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Editor’s Note: This story originally appeared on Filterbuy.

Workers in the U.S. are currently experiencing one of the most favorable labor markets in years. The unemployment rate has climbed back to pre-pandemic levels, but around 11.5 million jobs were open as of early spring, a historic high. With so many open positions readily available, more workers have felt confident in seeking new jobs, setting off what has come to be known as the “Great Resignation.” And because workers are in high demand, more employers are offering higher pay and other perks to attract talent, and wages are rising more rapidly than they have in 40 years.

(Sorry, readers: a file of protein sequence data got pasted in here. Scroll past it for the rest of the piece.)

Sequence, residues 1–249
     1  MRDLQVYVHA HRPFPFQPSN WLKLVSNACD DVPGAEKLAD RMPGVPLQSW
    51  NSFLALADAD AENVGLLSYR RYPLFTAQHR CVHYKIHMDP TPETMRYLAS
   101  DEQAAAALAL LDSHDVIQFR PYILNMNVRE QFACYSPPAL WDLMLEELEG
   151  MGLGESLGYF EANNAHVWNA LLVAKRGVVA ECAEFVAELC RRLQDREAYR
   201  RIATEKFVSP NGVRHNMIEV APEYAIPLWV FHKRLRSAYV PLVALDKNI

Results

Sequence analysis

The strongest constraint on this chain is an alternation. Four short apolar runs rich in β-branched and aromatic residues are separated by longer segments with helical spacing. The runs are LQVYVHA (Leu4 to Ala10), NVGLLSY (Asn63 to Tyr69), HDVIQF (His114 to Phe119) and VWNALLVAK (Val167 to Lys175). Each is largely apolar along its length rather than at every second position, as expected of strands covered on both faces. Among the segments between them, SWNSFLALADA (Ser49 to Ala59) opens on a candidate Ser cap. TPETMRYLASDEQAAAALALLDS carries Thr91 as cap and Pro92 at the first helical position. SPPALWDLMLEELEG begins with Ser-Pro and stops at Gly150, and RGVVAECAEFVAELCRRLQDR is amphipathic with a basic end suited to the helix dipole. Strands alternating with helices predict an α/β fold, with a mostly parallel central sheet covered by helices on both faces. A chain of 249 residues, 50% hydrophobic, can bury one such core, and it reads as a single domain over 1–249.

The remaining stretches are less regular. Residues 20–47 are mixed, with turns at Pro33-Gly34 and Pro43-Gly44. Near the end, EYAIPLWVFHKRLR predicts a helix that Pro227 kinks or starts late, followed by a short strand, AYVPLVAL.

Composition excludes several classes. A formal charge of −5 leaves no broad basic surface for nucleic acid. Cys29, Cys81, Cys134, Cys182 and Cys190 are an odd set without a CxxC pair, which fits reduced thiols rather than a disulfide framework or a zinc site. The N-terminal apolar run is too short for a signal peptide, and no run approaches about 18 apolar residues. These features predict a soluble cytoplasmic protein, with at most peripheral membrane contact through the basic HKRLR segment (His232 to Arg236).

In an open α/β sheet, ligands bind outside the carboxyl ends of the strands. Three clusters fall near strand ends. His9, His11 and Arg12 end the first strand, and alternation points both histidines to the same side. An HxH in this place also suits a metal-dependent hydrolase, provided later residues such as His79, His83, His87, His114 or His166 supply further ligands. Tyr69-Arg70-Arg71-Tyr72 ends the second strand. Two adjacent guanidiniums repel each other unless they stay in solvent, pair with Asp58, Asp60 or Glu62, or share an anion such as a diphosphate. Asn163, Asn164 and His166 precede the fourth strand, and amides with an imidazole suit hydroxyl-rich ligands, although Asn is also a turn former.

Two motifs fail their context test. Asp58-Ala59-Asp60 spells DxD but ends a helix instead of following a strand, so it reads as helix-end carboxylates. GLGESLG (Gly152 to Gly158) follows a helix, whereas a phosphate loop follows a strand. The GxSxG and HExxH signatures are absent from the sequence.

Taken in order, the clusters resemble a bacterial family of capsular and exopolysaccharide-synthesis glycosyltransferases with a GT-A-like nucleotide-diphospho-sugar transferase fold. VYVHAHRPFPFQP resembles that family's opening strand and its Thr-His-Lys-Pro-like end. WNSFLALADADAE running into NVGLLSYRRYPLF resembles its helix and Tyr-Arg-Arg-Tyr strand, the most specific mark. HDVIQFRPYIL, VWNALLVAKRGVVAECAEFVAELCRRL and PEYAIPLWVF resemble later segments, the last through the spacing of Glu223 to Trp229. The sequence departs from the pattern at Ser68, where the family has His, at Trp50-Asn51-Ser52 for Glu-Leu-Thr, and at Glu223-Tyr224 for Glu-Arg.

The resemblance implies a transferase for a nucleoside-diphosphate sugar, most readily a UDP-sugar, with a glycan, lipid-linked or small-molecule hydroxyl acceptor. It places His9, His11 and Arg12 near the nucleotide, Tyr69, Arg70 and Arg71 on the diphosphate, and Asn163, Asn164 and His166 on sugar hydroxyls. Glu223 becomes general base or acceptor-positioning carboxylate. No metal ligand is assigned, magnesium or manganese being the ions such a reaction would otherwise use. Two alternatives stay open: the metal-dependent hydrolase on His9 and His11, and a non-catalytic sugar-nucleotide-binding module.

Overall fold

Many of the unique current conditions in the labor market have arisen due to the COVID-19 pandemic. The labor force participation rate remains below pre-pandemic levels. Certain industries, like retail and hospitality, have been especially challenged by COVID-19 outbreaks, and these fields have been among those struggling most to fill vacancies as workers seek better pay and working conditions.

But even outside of the current environment, the U.S. economy has been seeing major shifts in the working population and the types of positions in demand, now and in the future.

One of the most significant forces reshaping the U.S. labor market is the aging of the population. As the baby boomer generation has aged, the share of older workers has increased steadily over time. The number of workers aged 55 and over more than doubled from 18.7 million in 2000 to 37.9 million in 2020, with an additional…

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